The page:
Federal Agencies Sign Historic Green Building Agreement

March 7, 2007

Last year the U.S. Department of Energy joined 15 other federal agencies and the Council on Environmental Quality (CEQ) at the White House Summit on Federal Sustainable Buildings in a joint commitment to design and construct sustainable buildings that achieve high energy performance.

The agencies signed a first-of-its kind Memorandum of Understanding (MOU) saying they would strive to adopt a standard set of guiding principles for sustainable buildings that include employing integrated design principles, optimizing energy performance, protecting and conserving water, enhancing indoor environmental quality, and reducing the environmental impact of the building materials. The agencies will aim to achieve ENERGY STAR® targets and energy targets of 30 percent below ASHRAE for new construction and renovation, and will also employ daylighting and incorporate bio-based materials into their buildings.

The agreement will accelerate implementation of common strategies for planning, acquiring, siting, designing, building, operating, and maintaining high performance and sustainable buildings. The MOU also provides guidance and assurance that these goals are implemented in the context of practical, economic, and appropriate timeframes and methods, in line with the agencies' respective missions.

The federal government owns about 500,000 buildings with total floor space of more than 3.0 billion square feet, in addition to leasing an additional 57,000 buildings comprising 374 million square feet of floor space. The signing agencies manage 95 percent of these federal buildings. In discussing the agreement at the Summit, Bryan Hannegan, Chief of Staff for CEQ, said, "Buildings in the United States consume over 37 percent of the nation's primary energy and 68 percent of all electricity. The federal government's size and buying power uniquely positions federal agencies to drive the design and acceptance of environmentally sustainable and energy efficient building components."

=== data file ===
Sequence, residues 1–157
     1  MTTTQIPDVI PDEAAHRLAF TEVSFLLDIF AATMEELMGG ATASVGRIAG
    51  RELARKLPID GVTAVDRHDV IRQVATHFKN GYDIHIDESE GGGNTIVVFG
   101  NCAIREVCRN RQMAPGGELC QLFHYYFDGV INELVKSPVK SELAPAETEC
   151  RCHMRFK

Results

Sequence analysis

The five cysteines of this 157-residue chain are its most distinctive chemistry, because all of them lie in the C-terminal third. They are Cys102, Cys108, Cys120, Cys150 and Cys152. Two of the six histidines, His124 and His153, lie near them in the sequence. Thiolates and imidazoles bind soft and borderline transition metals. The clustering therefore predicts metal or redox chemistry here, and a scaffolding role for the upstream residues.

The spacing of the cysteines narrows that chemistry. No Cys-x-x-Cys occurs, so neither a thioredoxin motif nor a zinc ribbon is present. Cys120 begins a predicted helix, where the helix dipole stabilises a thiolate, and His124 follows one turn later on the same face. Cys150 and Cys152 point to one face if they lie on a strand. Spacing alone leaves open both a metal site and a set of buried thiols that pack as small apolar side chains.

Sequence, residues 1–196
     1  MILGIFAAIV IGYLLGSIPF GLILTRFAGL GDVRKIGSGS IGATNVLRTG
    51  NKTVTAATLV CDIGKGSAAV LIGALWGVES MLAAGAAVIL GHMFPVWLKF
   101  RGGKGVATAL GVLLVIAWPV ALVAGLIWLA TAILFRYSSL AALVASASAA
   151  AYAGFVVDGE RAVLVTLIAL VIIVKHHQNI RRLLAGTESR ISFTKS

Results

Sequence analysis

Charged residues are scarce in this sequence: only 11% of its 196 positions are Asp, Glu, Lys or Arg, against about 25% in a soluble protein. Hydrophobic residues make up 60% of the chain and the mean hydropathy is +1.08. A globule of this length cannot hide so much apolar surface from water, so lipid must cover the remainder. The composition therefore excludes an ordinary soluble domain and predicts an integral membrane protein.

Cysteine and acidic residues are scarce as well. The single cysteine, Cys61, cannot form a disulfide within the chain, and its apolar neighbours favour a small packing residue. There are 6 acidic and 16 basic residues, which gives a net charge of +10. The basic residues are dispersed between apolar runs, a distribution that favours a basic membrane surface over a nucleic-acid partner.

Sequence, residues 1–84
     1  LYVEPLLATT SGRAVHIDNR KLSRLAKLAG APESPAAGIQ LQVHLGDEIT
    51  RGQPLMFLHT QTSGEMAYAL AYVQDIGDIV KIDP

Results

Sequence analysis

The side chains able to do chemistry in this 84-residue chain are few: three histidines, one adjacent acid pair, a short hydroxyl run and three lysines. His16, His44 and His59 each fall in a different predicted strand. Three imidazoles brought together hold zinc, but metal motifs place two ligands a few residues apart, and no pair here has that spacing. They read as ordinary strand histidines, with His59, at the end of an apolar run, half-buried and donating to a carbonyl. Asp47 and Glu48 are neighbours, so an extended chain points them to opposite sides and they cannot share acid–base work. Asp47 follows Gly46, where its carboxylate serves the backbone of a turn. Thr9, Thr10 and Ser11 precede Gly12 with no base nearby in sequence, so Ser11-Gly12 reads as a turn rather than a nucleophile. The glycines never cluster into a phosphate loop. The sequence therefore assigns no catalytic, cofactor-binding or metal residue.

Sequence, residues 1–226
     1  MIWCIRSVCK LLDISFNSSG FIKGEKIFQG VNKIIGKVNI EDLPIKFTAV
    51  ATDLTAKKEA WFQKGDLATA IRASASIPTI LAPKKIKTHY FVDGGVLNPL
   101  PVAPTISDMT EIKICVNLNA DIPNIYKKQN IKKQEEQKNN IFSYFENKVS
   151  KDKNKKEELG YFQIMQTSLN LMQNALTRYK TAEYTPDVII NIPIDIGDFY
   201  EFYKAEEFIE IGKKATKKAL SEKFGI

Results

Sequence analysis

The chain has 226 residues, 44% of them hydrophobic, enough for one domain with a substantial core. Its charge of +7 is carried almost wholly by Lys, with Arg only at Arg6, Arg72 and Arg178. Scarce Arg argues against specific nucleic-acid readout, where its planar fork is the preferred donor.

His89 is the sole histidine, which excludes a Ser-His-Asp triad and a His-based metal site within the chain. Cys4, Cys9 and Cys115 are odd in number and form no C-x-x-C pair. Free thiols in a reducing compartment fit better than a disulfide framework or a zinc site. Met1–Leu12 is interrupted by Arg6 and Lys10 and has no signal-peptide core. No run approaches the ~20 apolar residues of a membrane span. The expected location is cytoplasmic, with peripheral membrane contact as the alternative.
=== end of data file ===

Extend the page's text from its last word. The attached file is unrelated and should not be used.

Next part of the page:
At FEMP's Interagency Sustainable Working Group (ISWG) meeting, Ed Piñero, the Federal Environmental Executive, recognized the hard work of the ISWG and thanked them for their commitment and their work over the last two years in developing the MOU. He said the MOU sets measurable goals, makes commitment transparent, and establishes accountability and responsibility. He said another success at the summit was the introduction of the Office of Management and Budget's new draft Executive Management Scorecards for environment, energy, and transportation. The environmental scorecard now includes sustainable design for buildings.

For more information on the Summit proceedings, please visit http://www.fedcenter.gov/calendar/conferences/summit2006. For information on FEMP's Sustainable Design program, please visit www.eere.energy.gov/femp/sustainable/index.html or contact Matt Gray at matthew.gray@ee.doe.gov or 202-586-0067.